The Despotic Branch -- The case for Judge Roy Moore
Recently, The Patriot noted the remarkable parallel between bishops in the Episcopal Church who "interpret" Scripture to comport with their political and social agendas in violation of their ordinal vows, and judges who "interpret" the Constitution to comport with their political and social agendas, in violation of their oath to uphold our nation's legal foundation. Neither interpretation honors the original word and intent of those founding texts. Instead, they offer nothing more than a reflection of themselves as if they authored those venerable words.
Regarding the word of law, our Constitution provides a mechanism for its alteration by amendment, not adulteration by judicial decree. That premise is the basis for Alabama Chief Justice Roy Moore's defense of the First and Tenth Amendments in what is, potentially, the most important and influential case in decades pertaining to religious liberty and states' rights as defined by our Constitution.
Most media pundits, and the couch potatoes who suckle at their font, never took a civics class and couldn't distinguish the substance of this case -- the constitutional issue -- from the superfluous -- "Showdown on the 10 Commandments." Thus, they have cast this case as nothing more than a "right-wing Christian zealot" trying to keep a monument of the Decalogue in a courthouse in the backwoods of lower Alabama.
Demonstrating their nescience, Leftmedia talkingheads adroitly taunt, "Well, can the state of Alabama put a shrine to Mohammed in the judicial rotunda?" The answer is...YES! In accordance with the First and Tenth Amendments, if the people of Alabama choose to do so, that is their prerogative.
Media ignorance notwithstanding, the ACLU knows what this case is really about: "This case is not about the Ten Commandments. This case is not about Roy Moore. It is about the First Amendment 'separation of church and state'." And the judicial activists who ruled in this case know what it is about, too; 11th U.S. Circuit Court Appellate Judge Ed Carnes wrote, "If Alabama Chief Justice Roy Moore's Ten Commandments monument were allowed to stand, it would mean a massive revision of how the courts have interpreted the First Amendment for years." Of course, it is Carnes and his Leftjudiciary minions who are "above the law" by rendering verdicts based on their opinion rather than the Constitution.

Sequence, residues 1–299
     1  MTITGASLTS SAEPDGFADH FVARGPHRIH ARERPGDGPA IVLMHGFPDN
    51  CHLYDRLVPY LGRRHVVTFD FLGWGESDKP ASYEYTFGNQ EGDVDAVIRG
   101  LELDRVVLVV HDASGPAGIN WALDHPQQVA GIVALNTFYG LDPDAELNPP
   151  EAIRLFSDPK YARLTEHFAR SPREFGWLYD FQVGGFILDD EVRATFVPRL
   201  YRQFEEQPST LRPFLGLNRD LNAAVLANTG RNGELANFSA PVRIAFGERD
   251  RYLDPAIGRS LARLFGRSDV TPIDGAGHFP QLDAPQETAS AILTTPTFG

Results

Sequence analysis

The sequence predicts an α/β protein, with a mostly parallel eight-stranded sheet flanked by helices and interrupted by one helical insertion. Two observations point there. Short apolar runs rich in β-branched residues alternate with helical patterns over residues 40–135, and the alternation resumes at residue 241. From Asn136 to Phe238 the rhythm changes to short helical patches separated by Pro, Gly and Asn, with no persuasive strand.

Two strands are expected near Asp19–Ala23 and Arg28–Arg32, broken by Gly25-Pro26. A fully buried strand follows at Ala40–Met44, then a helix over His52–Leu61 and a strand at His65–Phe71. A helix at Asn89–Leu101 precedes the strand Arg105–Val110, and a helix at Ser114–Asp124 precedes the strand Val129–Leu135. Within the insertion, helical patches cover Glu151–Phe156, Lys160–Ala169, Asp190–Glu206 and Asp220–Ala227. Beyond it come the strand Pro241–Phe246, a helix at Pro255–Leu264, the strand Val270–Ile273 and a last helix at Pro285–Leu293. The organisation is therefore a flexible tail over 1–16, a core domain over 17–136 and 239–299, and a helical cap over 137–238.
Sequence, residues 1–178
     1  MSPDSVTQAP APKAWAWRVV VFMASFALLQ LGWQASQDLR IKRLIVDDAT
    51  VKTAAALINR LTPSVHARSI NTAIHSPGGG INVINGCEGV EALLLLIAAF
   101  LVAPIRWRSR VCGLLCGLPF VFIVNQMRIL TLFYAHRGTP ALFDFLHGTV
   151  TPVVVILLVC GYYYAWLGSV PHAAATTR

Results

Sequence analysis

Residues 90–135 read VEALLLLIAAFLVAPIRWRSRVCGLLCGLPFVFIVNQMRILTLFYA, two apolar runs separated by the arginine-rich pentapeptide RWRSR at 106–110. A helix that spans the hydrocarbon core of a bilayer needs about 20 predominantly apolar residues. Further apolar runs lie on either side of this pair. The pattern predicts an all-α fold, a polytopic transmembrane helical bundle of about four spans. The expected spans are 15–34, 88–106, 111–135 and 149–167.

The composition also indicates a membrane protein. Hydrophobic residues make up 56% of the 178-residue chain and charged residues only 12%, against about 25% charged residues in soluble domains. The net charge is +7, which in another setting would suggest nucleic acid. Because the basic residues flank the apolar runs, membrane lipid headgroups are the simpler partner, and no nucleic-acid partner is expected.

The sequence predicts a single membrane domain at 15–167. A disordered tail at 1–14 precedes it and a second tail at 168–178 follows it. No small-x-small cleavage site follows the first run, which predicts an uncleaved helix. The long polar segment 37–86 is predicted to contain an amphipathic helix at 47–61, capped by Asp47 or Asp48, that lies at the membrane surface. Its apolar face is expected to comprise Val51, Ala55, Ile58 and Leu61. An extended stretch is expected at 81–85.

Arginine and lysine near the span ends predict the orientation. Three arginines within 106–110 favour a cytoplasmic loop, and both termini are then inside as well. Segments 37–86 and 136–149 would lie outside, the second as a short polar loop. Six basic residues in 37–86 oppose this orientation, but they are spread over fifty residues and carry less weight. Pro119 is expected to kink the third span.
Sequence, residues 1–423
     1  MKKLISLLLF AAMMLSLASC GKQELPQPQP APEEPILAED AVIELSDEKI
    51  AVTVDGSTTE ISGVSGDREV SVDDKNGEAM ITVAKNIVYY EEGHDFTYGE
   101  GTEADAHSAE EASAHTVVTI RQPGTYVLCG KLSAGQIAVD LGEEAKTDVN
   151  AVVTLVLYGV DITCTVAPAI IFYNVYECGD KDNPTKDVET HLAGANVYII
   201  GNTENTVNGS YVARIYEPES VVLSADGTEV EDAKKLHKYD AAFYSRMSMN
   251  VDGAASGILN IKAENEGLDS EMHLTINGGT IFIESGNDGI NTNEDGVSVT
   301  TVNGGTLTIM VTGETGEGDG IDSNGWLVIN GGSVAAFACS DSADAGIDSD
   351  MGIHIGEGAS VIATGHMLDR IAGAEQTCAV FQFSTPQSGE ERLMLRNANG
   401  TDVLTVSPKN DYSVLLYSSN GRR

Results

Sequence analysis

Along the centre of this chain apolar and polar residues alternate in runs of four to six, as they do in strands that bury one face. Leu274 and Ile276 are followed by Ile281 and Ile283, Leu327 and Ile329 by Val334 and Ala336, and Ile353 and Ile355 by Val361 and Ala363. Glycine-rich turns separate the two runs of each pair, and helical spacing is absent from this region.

The First Amendment's restriction on the central government reads simply, "Congress shall make no law respecting an establishment of religion, or prohibiting the free exercise thereof...." But the law itself has been "interpreted" by Leftjudicial activists beyond recognition -- and in violation of both their solemn oaths and the will of the Founders, who expected the judicial branch to rise above contemporaneous political and social agendas and abide by the letter of the Constitution.
This current practice of "constitutional interpretation" by judicial activists is tantamount to incremental tyranny by what Thomas Jefferson rightly feared would become "the Despotic branch."
In the Federalist Papers, the definitive exposition of the Constitution's original intent, James Madison, our Constitution's author, stated, "Each State, in ratifying the Constitution, is considered as a sovereign body, independent of all others, and only to be bound by its own voluntary act. In this relation, then, the new Constitution will, if established, be a FEDERAL, and not a NATIONAL constitution. ... The powers delegated by the proposed Constitution to the federal government are few and defined. Those which are to remain in the State governments are numerous and indefinite."
In other words, the Constitution strictly limits the central government to its enumerated powers, not the unlimited powers now imposed by an activist judiciary. Every state, then, is individuated by its own Constitution.
Justice Moore was, predictably, denied his appeal by the U.S. Supreme Court to stay the appellate court's decision. He filed a second appeal questioning the federal court's jurisdiction in this matter -- directly confronting the lower court's violation of the Tenth Amendment edict, "The powers not delegated to the United States by the Constitution, nor prohibited by it to the States, are reserved to the States respectively, or to the people."
In other words, the Constitution is to be read and ruled on constructively, not as a matter of interpretive opinion, which circumvents its prescribed method of amendment. Those are the terms under which the states, including Alabama, ratified the Constitution.
Unfortunately, on Thursday as the deadline set by U.S. District Judge Myron Thompson for removal of the monument passed, Justice Moore's associates on Alabama's Supreme Court acquiesced to Thompson's edict, claiming that they are "bound by solemn oath to follow the law, whether they agree or disagree with it," and ordered the monument's removal. In distinct contrast to that state's motto, "We Dare Defend our Rights," the associate justices conceded defeat, averting, at least temporarily, a direct confrontation with the federal courts concerning the First and Tenth Amendments.